About BECCA PUGLISI

Becca Puglisi is an international speaker, writing coach, and bestselling author of The Emotion Thesaurus and its sequels. Her books are available in five languages, are sourced by US universities, and are used by novelists, screenwriters, editors, and psychologists around the world. She is passionate about learning and sharing her knowledge with others through her Writers Helping Writers blog and via One Stop For Writers—a powerhouse online library created to help writers elevate their storytelling. You can find Becca online at both of these spots, as well as on Facebook and Twitter.

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10 Responses to Character Motivation Thesaurus Entry: Finding Friendship or Companionship

  1. I am eagerly looking forward to this thesaurus (like all of the previous ones!).

    As a suggestion, how about “Reconciling a betrayal of one’s faith or belief”

    This is a timely one, given the current American climate and the deep schism that exists accompanied with a sense in incredulity and betrayal felt by many on both sides of the aisle. However, this could also include literal issues of faith, where one feels their religious faith has been betrayed (i.e. Catholics vs the Abuse Scandal) or emotional faith, such as felt by a husband or wife in the face of a spouse’s adultery.

    Since patriotism, faith, and trust form such a huge part of who we are and who we believe ourselves to be, a violation of that faith can have a dramatic effect on our lives moving forward.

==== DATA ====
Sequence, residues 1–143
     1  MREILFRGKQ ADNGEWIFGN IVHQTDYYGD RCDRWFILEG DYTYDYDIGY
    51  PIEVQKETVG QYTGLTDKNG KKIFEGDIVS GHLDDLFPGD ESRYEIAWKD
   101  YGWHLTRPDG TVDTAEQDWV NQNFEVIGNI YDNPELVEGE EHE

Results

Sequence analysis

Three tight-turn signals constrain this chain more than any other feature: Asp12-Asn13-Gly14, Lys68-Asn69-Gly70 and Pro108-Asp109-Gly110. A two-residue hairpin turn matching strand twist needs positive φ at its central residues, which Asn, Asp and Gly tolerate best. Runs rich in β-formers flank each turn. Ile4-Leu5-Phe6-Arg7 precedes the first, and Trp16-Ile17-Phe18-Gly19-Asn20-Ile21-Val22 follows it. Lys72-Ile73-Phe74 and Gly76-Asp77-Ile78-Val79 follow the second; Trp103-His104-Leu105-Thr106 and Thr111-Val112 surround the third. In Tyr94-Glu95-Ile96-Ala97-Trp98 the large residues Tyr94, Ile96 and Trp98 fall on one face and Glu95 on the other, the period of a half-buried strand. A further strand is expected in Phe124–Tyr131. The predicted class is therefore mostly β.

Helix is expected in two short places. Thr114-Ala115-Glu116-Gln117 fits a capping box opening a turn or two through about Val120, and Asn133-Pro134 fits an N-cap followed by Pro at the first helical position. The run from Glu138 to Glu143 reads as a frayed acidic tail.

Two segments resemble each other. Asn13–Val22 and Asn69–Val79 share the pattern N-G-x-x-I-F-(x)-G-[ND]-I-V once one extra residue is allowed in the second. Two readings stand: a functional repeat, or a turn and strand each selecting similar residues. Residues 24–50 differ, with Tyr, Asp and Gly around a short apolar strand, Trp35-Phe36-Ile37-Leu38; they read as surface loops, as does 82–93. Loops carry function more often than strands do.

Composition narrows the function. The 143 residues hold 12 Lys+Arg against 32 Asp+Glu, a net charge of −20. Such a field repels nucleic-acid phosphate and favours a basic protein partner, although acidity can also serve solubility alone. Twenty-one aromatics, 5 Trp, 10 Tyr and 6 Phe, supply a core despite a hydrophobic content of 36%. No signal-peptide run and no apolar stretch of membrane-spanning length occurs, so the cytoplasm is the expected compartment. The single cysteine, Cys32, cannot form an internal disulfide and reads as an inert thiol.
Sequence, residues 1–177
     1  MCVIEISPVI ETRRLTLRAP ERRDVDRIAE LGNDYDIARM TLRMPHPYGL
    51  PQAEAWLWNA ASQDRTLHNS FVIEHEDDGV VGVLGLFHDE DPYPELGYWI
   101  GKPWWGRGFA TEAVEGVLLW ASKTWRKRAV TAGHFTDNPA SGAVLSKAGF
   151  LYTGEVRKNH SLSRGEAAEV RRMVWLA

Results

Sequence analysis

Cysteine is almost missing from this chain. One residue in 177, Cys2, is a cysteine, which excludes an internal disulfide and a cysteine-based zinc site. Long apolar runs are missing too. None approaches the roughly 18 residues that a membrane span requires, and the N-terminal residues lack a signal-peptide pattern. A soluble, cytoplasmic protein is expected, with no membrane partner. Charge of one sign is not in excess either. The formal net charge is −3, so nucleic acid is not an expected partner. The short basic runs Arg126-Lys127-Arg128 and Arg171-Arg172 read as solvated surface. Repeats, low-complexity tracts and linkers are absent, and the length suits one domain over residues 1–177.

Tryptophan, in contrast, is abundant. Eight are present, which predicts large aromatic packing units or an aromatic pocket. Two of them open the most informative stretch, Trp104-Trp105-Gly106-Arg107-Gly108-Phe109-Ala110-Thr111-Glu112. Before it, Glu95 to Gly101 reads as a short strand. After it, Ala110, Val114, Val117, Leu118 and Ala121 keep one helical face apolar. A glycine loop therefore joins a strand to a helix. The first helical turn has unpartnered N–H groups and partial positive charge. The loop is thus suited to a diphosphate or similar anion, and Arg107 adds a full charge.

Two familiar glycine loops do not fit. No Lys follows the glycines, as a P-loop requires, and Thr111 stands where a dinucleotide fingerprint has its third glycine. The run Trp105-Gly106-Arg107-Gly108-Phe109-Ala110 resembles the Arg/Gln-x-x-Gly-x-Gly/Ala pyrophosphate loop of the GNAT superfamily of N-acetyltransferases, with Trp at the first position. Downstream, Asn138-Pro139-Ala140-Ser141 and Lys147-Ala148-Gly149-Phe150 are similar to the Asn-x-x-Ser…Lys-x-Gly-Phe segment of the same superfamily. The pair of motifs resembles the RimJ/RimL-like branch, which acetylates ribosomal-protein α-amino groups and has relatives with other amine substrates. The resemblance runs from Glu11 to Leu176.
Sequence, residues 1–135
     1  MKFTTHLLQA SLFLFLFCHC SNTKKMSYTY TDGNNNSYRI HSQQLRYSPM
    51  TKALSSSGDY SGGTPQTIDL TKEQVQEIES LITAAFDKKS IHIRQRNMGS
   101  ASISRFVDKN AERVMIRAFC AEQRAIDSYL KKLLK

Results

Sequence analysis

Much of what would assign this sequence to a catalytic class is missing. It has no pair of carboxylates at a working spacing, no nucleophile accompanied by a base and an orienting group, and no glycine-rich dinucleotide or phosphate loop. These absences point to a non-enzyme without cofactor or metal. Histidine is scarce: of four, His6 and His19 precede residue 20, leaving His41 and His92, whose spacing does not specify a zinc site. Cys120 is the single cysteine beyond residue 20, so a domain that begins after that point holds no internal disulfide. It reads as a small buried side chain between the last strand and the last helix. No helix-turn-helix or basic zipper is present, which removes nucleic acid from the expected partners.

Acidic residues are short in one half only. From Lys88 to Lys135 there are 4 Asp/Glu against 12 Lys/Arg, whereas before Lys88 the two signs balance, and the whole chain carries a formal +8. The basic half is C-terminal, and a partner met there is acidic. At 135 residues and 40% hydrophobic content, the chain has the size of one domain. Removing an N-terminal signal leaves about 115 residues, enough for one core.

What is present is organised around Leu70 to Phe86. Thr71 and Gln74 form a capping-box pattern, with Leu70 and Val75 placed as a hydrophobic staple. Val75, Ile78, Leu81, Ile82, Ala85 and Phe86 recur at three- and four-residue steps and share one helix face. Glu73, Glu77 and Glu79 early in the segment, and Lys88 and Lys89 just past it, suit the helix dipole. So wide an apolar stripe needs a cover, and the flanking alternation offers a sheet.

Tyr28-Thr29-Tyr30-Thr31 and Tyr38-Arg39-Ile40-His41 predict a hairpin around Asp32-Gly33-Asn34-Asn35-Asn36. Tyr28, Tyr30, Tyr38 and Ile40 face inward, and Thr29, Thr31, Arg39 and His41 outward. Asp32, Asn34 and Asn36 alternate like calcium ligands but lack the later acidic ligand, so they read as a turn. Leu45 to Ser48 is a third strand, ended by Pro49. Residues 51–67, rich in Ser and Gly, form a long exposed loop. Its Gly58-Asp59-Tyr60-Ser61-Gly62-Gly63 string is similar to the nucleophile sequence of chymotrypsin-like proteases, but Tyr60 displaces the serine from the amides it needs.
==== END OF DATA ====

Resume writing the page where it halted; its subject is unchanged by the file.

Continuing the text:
2. Anne says:

    I can’t wait to get my hands on this book.

    An entry I’d like: Growing up, our protagonist has to deal with the aftermath, the social stigma that comes from being part of a family on the losing side of some brutal social/political/religious showdown.

  3. Talia says:

    I love this thesaurus!! (and all of them, really.)
    I think it would be cool if you did an entry for Carrying on a Legacy. For example, say the characters’ parents or grandparents were the starters of some legacy associated with the family name, and now it’s up to the character to continue it.

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  5. Tammie says:

    What about motivations from the antagonist POV? Almost all of the motivations are from the good guys POV, good overcoming the bad. Amazing books need bad guys, rivals, nemesis, and the ones who drive you nuts, and they have their own motivations, they might be twisted, unorthodox, and selfish, none the less they’re characters with motivations and are needed for dazzling stories. What about a character motivations for power, greed, lust, control, lying, and destruction?

    Just a thought.
    Tammie

    • Love this! Angela and I have talked extensively about different motivations and how they sometimes are the wrong motivation; like, the character thinks X will make him happy and meet his needs, so he spends the whole story pursuing that goal only to discover that it wasn’t what he needed after all. I think a lot of antagonists do this. We’ll definitely explore this further from the villain’s pov :). Thanks, Tammie!

  6. Gifford MacShane says:

    Happy Anniversary! I love your Emotion Thesauruses (thesauri?) and use them all the time. The one character motivation module I’d like to see is related to the entry on overcoming abuse, but from a caretaker’s perspective rather than the victim’s, and what happens if the caretaker fails to help as much as s/he expects to.